Vera crossed the road, and continued on through the city’s market district, usually bustling with people, but deserted due to the weather. The market stalls that lined the footpath were absent, small indents in the snow the only evidence they had even existed here in the first place. Shops were closed, roller doors blocking access. A few were boarded up, the wooden planks spraypainted with the symbol of Enemies of the People, a big Z in red. Vera noted that one of the newly boarded up shops was the store once owned by Maxim the Tailor, who had been strung up in Red Square the previous week for harbouring traitors. Maxim had always been so nice to Vera, and had even given her the cape she wore now after her last one got thrown away. He was a refugee from the European states, after they were devastated in the war. The rumour was that he had been harbouring natsistskiye terroristy, remnants of the Old Enemy who had once dared to stand up to Russia before the war. Vera’s teachers said that their great nation had been forced to launch their missiles to defeat these upstart rebels, before they could bring ruination to the Motherland. Vera had been caned once for asking how a small nation like that of The Old Enemy could bring Russia to the brink of destruction. She hadn’t asked questions like that again. At least not at school. Vera stopped for a moment to pick up a small object lying half-buried in the snow. It was a pair of worn scissors with red tape wrapped around one of the handles. Maxim’s scissors. She noticed a number of other objects lying in the snow, items she recognised from her visits to his store. She thought about gathering the items, but decided against it. She had already spent too much time idling, and she was risking exposure to radiation if she stayed out here much longer. It wasn’t too far to her grandmother’s apartment now anyway.

As she exited the market district, and rounded the corner, her heart felt like it had stopped beating. There, in front of her grandmother’s apartment building, was a large windowless armoured vehicle marked with a wolf’s head. It was the gvardeytsy. Two of them stood outside the rear doors, clad in their black overcoats and woollen hats, their gloved hands clasping submachine guns. She ran through the snow towards her grandmother’s apartment, screaming to the men to leave her babushka alone. They looked her way impassively as two other men dragged her grandmother out through the gaping door of her flat, her frail old body contrasted against their hulking frames. One of the men standing outside the van moved to open the door of the vehicle, while the other aimed his gun at Vera, barely shifting from his stance as he did so. Vera froze, tears streaming down her face, and dropping into the dirty snow as they did. Another two men came out from her grandmother’s flat, pouring gasoline behind them from a large jerry can. They threw the empty can into the house, and tossed a lit match in behind them. The two men dragging her grandmother paused to speak to the man holding open the rear door.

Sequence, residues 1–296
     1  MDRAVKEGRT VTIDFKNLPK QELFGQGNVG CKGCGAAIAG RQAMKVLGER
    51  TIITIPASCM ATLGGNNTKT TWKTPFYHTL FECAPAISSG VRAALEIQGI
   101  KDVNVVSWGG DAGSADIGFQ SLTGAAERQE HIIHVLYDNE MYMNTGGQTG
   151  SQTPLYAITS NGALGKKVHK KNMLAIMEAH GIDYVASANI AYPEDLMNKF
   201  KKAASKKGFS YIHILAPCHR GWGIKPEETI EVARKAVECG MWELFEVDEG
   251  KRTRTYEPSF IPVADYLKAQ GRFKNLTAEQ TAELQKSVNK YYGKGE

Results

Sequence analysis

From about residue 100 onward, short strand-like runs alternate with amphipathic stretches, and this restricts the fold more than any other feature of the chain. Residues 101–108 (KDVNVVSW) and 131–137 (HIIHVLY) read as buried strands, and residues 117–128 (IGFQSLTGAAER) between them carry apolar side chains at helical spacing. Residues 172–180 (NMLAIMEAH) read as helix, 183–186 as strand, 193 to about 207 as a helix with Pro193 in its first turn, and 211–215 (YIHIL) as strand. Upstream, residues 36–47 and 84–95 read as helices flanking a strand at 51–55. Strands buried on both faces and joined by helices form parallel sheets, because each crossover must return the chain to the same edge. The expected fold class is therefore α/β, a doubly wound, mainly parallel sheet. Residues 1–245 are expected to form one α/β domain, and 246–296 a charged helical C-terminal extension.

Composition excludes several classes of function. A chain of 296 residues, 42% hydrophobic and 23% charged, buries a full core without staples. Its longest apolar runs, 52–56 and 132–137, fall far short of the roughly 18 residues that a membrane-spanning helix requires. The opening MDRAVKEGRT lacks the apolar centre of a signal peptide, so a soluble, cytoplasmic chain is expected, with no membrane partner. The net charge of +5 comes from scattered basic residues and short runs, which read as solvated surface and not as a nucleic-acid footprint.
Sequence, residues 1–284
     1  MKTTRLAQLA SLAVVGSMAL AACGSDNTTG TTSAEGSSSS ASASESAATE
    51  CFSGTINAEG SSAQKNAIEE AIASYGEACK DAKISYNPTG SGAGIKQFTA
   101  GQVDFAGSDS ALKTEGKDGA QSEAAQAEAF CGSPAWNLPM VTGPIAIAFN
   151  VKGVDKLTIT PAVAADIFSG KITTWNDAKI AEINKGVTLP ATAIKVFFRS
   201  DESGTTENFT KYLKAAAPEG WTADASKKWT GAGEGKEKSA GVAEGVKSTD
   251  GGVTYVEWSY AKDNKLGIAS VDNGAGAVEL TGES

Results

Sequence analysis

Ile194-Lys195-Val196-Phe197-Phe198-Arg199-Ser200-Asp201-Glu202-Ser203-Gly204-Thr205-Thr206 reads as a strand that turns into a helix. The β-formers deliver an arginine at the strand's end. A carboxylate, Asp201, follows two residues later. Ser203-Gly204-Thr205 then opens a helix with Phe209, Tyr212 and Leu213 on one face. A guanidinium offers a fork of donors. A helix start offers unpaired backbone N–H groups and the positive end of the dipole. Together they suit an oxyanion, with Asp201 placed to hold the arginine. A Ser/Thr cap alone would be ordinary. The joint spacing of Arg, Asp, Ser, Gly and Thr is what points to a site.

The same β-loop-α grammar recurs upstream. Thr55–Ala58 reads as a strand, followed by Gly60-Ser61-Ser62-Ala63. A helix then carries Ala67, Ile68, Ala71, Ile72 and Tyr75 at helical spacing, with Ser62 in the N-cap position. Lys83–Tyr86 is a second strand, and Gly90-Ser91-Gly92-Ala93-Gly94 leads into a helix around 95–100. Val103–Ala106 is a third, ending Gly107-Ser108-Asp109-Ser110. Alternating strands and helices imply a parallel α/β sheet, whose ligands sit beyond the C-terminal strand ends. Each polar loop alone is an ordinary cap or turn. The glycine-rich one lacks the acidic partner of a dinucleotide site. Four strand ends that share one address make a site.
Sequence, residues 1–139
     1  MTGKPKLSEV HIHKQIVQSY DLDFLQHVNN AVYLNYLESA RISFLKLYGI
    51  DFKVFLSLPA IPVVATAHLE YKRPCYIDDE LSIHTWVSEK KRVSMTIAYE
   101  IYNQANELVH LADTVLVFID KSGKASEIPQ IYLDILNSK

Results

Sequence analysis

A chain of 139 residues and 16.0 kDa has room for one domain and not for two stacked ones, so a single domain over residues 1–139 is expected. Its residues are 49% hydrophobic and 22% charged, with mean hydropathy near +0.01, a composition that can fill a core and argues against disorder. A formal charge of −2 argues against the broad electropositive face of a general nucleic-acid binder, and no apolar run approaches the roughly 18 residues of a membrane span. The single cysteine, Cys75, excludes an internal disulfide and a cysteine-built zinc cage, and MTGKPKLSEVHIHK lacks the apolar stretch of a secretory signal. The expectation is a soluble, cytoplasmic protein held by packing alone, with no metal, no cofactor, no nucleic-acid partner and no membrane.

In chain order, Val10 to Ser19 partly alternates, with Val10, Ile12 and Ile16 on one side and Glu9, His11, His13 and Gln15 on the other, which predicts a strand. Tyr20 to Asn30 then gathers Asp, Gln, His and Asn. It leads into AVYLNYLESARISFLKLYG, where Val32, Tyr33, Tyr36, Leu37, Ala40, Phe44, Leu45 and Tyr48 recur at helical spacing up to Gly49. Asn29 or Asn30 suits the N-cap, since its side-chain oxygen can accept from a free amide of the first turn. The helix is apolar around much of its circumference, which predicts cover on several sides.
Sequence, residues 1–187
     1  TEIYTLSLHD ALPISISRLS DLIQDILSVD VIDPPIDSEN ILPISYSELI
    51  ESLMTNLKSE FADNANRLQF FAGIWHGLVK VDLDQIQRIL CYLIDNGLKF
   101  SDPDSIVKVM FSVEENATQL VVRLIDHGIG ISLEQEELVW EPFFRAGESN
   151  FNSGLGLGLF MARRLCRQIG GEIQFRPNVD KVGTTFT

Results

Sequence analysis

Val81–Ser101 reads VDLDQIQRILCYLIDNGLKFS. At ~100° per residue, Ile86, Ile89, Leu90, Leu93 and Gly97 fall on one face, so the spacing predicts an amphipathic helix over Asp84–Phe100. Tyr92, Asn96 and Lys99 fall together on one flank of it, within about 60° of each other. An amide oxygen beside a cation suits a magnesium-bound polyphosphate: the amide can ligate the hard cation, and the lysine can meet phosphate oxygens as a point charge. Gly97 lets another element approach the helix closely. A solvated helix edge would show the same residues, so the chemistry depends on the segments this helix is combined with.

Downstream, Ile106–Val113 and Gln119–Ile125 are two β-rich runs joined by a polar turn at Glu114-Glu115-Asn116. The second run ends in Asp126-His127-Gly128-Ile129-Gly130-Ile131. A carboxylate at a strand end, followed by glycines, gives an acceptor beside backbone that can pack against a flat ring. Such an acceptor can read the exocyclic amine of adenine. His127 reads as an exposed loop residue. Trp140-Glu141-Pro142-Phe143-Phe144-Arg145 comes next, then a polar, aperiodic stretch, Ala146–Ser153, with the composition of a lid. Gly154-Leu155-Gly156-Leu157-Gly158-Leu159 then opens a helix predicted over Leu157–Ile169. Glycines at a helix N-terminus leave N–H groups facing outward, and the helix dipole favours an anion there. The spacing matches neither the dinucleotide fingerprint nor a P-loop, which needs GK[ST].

As they did, her babushka glanced up, one eye swollen and bleeding, and smiled at Vera sadly. Then, she was gone, tossed into the back of the vehicle like a sack of potatoes. Vera screamed as the men climbed into the vehicle and drove off, her grandmother’s home burning behind the departing vehicle. Vera crumpled to her knees, collapsing into the dirty snow as new black snow rained from the sky. Snow that sizzled and glowed, melting holes into the snow around her. She didn’t think the ashes gave contrast anymore.